- Affiliation – the sense of connection on the personal, human level, beyond just a team or group affiliation, helps foster a relationship that aims for a mutually constructive outcome, a win-win situation. It helps create a mindset not of me-versus-you, but instead the two of us, side by side, facing the same challenge.
- Status recognition – the need to get the recognition that people feel they deserve is crucial. Acknowledging one’s expertise and substantive experience – especially when these support the team’s work – can create positive emotions. Competition for status creates the opposite effect.
- Role – the wish to have a role that fulfills one’s standards of appreciation, affiliation, autonomy, and status is equally universal. A fulfilling role has a clear purpose; is personally meaningful; and defines who you really are.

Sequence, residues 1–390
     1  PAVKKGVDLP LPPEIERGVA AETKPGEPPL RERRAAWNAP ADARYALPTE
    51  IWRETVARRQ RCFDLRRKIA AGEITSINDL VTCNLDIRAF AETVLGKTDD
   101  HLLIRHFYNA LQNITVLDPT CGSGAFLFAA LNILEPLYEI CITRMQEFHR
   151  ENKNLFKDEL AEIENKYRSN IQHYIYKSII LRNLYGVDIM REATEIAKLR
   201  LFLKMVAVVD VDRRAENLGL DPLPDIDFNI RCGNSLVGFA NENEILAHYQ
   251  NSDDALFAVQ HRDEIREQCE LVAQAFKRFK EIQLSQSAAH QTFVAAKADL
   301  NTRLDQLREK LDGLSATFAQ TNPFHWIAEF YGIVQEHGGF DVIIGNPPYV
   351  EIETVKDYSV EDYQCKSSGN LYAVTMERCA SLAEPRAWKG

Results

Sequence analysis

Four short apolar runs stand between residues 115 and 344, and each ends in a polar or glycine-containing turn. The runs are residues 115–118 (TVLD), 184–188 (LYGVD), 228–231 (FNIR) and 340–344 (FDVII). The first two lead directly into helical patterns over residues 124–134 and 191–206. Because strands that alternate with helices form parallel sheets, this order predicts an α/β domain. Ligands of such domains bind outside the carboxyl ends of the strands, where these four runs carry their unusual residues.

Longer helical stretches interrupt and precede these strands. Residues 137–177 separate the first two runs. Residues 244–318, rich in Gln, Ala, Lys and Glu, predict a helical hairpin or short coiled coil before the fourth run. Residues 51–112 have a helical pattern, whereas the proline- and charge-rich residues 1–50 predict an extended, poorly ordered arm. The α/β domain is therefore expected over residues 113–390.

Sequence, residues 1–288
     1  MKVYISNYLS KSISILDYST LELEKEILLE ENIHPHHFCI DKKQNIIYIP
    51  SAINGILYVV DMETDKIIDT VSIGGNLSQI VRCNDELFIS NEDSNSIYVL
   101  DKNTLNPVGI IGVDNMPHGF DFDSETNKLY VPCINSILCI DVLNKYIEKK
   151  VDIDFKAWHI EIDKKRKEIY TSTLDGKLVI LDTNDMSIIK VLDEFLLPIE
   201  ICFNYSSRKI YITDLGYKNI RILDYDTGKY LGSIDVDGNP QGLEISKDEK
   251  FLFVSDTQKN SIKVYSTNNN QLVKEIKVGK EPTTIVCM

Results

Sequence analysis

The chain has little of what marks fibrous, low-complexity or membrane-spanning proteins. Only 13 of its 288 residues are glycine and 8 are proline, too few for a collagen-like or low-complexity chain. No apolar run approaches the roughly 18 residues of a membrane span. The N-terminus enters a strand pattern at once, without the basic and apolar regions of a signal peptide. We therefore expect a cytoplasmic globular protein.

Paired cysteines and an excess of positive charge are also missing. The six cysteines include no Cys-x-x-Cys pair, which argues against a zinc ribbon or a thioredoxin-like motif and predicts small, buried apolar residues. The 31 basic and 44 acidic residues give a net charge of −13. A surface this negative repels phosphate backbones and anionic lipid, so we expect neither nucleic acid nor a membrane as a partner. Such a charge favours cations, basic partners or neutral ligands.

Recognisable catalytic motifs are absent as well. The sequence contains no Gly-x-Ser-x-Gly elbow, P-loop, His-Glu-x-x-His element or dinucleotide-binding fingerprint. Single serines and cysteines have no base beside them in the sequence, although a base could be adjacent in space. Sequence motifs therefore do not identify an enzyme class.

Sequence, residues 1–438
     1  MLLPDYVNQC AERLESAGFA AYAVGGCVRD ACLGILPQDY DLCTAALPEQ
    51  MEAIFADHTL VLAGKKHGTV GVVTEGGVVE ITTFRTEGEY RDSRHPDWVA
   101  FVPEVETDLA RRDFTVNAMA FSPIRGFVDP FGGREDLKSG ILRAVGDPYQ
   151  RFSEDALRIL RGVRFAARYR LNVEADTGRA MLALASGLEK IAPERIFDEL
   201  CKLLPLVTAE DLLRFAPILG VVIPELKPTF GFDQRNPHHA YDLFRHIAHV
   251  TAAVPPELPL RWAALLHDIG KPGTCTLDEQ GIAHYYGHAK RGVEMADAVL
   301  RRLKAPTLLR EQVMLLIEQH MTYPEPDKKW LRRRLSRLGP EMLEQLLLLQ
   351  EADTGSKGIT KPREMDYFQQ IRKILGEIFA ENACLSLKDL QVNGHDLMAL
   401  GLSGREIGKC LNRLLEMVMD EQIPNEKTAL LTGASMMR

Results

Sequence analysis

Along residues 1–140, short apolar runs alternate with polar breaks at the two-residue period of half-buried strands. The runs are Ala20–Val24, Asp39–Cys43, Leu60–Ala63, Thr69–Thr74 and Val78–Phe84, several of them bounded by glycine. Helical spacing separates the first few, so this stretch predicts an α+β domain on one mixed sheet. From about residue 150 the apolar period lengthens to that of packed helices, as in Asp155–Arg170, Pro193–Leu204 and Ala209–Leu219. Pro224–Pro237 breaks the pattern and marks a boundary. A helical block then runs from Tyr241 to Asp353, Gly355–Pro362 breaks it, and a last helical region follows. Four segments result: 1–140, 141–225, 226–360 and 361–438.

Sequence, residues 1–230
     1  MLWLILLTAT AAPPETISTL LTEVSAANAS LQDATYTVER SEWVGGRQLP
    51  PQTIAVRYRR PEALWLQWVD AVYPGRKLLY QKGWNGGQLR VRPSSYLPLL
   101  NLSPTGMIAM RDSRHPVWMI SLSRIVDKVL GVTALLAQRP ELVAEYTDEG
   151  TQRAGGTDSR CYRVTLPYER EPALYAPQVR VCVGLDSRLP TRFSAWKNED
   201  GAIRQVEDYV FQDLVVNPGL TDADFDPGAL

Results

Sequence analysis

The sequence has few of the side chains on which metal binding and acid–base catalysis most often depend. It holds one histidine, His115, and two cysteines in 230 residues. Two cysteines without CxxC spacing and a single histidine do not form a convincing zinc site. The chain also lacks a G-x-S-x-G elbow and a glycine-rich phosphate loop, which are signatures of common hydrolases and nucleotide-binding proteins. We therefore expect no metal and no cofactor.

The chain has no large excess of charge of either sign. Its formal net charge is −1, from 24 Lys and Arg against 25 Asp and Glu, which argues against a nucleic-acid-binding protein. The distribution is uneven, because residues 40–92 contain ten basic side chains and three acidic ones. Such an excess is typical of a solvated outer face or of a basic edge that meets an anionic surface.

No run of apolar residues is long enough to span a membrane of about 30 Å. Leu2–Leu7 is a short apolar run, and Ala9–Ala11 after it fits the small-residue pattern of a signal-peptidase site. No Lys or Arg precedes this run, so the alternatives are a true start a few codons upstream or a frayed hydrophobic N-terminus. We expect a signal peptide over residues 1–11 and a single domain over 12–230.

These core issues are the key concerns humans feel in every interaction, and therefore the basic concepts to be nourished in any relationship. They can be suppressed, or they can be opened up for positive opportunities. Whichever way you may choose to work with them – at work or in your private environment – just do it, because it will ensure better connections with the people in your life.
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Putting it into practice
Putting these concepts into practice is not complicated. In your relationships with self, significant other(s) or with colleagues,
- Reflect back on conflict moments or situations – which of those concerns is/are the most relevant for you?
- Where do you feel you are mostly triggered? Can you see a pattern for when you get upset, irritated, or feel hurt?
- Which of these core concerns is not being answered?